A friend sent me a link about 10 Things Wrong With Occupy Wall Street (OWS). It got me thinking so I decided to try to respond to all ten points with my esteemed two cents. (That’s a total of twenty cents for those keeping score.)
Here we go. I will now try to offer my customized and heartfelt rebuttal to the following list of things that are alleged to be “wrong” about OWS.
1. The whole we’re the 99% thing.
The author of the article says that OWS does not represent “the middle class, small business America, or people employed by corporate America.” Who said that is supposed to be who they are? By definition, if they claim to be the “99%” then that means they are not the 1%. And who is the 1%? It might just be me, but I think they mean the richest one-percent of Americans.
Who is the 1% if we look at it based on income?
In 2009, it took just $343,927 to join that elite group [of one-percenters], according to newly released statistics from the Internal Revenue Service.
Source: CNN Money
That’s so one-percent I don’t even think I’ve ever even met anyone in that group. I’d hazard a guess that includes most corporation CEOs, at least those in Fortune 500 companies.
If you make less than $344 super clams a year then you’re in the elite group known as the 99 percent. Also, if you’re in the bottom one-percent of that group then you’re known as a “99-percenter bottom dweller.” If you’re in that group all I have to say is, “Howdy, neighbor.”
2. Confusing targets.
I don’t think the target of OWS is confusing at all. I think the target is the system that results in the division of wealth and power in our society. It’s a belief that a gap that is too large has detrimental consequences for us all. When the gap is too large it weakens our society. (That’s just a pet theory of mine.)
Is a growing gap in wealth and power really the best thing for our country, or is that a line of bullshit that we’ve all been fed? For three or four decades now we’ve tried the “trickle down” approach of stimulating investment by easing taxes on the rich and where has it gotten us? An ever-growing wealth gap, high unemployment, an economic recession, a banking crisis, and a diminished middle class. I’m satisfied the trickle-down approach is dead wrong.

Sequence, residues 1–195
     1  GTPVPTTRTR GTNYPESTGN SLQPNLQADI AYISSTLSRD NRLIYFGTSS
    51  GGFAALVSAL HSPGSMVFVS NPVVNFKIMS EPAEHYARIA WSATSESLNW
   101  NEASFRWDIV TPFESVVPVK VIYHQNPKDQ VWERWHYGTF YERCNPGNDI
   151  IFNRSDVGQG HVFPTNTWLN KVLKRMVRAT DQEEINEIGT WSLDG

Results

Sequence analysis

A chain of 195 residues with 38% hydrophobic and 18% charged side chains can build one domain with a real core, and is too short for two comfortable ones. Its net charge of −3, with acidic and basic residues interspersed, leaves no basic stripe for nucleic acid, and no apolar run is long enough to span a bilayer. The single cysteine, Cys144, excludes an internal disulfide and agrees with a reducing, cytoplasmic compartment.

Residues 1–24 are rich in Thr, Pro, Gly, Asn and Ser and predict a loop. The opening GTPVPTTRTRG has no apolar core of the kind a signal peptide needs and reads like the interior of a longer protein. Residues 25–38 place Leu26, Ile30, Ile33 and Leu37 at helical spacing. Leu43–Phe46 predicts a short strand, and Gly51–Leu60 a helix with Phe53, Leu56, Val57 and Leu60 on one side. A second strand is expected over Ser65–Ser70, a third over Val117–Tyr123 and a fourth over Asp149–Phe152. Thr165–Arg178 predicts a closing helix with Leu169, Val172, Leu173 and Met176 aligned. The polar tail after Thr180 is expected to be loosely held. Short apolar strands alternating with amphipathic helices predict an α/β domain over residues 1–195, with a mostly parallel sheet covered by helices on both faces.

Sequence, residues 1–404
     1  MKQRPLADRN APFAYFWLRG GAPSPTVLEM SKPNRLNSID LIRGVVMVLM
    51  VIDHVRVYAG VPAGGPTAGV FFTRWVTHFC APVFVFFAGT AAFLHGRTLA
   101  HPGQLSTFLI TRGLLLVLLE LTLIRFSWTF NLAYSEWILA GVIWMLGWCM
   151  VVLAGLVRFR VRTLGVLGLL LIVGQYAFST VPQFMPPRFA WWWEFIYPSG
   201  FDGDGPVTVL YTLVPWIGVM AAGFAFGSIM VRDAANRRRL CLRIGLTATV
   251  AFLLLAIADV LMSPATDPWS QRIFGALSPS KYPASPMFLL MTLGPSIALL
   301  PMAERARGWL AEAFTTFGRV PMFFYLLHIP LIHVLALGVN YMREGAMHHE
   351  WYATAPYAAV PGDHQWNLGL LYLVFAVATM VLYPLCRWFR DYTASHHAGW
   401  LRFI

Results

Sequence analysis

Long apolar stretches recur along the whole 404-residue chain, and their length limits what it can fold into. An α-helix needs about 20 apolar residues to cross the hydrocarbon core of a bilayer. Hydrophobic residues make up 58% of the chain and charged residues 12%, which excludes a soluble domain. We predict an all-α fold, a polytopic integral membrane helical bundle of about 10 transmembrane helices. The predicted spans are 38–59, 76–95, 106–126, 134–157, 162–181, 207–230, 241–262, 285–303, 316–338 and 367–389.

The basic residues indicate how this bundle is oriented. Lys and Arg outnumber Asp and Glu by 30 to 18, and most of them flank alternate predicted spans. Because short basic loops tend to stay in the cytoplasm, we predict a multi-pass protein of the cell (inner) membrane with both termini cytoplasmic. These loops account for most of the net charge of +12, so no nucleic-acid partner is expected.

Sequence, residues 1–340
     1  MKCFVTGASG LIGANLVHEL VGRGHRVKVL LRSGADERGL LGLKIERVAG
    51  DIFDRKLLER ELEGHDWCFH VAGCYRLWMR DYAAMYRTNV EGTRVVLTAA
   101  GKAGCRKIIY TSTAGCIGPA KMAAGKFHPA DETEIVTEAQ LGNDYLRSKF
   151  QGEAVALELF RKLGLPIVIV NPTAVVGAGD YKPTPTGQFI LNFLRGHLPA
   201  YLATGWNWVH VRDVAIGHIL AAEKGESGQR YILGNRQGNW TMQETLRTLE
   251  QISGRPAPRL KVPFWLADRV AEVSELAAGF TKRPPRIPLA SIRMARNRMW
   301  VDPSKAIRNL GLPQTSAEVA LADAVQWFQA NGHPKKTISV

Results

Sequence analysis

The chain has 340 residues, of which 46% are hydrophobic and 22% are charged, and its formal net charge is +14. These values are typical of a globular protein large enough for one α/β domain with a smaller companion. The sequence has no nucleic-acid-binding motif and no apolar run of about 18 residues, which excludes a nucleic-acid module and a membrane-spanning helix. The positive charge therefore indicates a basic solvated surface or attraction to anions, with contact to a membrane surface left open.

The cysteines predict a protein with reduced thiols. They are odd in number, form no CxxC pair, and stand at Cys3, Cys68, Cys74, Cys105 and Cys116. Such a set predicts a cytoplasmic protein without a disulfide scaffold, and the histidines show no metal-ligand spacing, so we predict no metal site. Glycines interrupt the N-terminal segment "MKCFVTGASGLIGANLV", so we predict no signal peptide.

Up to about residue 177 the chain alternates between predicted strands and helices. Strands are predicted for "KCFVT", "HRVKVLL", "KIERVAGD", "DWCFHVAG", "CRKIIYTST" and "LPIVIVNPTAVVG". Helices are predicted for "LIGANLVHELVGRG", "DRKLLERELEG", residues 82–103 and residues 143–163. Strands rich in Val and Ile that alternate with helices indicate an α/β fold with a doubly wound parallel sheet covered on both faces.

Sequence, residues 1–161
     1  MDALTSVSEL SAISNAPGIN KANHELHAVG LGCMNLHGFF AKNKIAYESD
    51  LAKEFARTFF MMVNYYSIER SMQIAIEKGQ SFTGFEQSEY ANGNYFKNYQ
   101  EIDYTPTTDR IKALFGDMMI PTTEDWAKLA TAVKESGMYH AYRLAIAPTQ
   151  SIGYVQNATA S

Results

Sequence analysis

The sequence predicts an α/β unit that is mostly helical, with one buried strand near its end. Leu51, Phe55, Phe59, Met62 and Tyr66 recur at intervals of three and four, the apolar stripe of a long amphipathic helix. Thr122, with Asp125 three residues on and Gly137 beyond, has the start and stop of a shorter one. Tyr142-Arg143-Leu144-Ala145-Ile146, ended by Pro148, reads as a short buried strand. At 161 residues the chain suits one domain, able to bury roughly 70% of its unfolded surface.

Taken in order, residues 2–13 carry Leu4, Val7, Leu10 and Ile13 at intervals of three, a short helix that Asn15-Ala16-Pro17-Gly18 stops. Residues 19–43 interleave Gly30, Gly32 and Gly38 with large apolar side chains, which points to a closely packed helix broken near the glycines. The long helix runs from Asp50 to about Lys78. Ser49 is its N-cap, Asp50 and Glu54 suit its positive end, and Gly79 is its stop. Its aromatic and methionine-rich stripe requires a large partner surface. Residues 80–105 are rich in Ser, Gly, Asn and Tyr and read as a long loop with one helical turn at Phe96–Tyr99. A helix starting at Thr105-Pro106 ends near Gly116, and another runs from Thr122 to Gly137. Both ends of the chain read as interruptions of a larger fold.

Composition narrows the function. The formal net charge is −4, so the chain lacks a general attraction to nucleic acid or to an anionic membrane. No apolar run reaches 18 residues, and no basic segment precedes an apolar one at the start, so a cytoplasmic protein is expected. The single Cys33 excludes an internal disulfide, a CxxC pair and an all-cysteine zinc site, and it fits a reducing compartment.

3. We need more legislation and regulation.
You want to come face to face with The Evil? See a human being and/or a for-profit company and/or a greedy corporation and see what actions they think are acceptable in the absence of regulation. When I hear folks say they are against regulation, what my filter bubble sends to my brain is, “We want impunity to do what we want and destroy and make others pay for it so we can have more of the green. And we shouldn’t have to pay for any of the destruction we cause. We don’t need to be regulated.”
Besides, I’m not sure legislation and regulation is what OWS wants at all. What they want is a change in the status quo. They want a system with more equity. The trick is figuring out how to get there.
4. Who’s to blame?
Do you have to assess blame to be desirous of change?
5. We don’t want to flip burgers.
Like Judge Smalls says famously in the movie Caddyshack, “Well, the world needs ditch diggers, too!” It’s easy to point a critical finger at someone who doesn’t want to flip burgers. The question remains, though, if there aren’t enough “middle class” jobs out there, someone has to work minimum wage jobs, and what is society supposed to do with those people? Are they simply supposed to exist and subsist until they keel over dead with no health insurance and limited access to care? I think the OWS movement wants to know what’s going to happen to people like my little buddy Mediocre Fred.
6. Corporate America and CEO pay.
Yes, it is out of whack. It may not be all CEOs but it is enough, especially when you compare something like $5 million to make Netflix suck with a minimum wage employee bringing home $16,500. I don’t know how you slice it to say that this guy is worth a fucking 300 times more than that guy.
7. The rich don’t pay their fair share.
Yeah, yeah. We’ve all heard some variation of the statistic about the 1% paying 38% of taxes. That factoid, in and of itself, doesn’t mean anything. That isn’t some kind of proof that the system is hella good and things are fine and dandy. You need to bring more than that tired argument, at least if you want to take buying power and things like food, shelter and clothing from more of the 99%.
8. President Obama using the movement to promote his reelection campaign.
How does a politician doing what politicians do have anything to do with what OWS has right or wrong. I think the author is off base on this one.
9. The big banks aren’t actually on Wall Street.
Eh? Really? The author goes after a nitpicky technicality here? I think he better revise his top 10 list down to nine. He’s more than weak on this point.
10. We’re disgusted with both political parties.
Here I think the author was just groping for something – anything! – to complete his top 10 schtick. He admits that OWS is right on this score but that they were late to the party. So this actually isn’t anything wrong with OWS. Hopefully the author will re-title his piece a “Top 8 List.”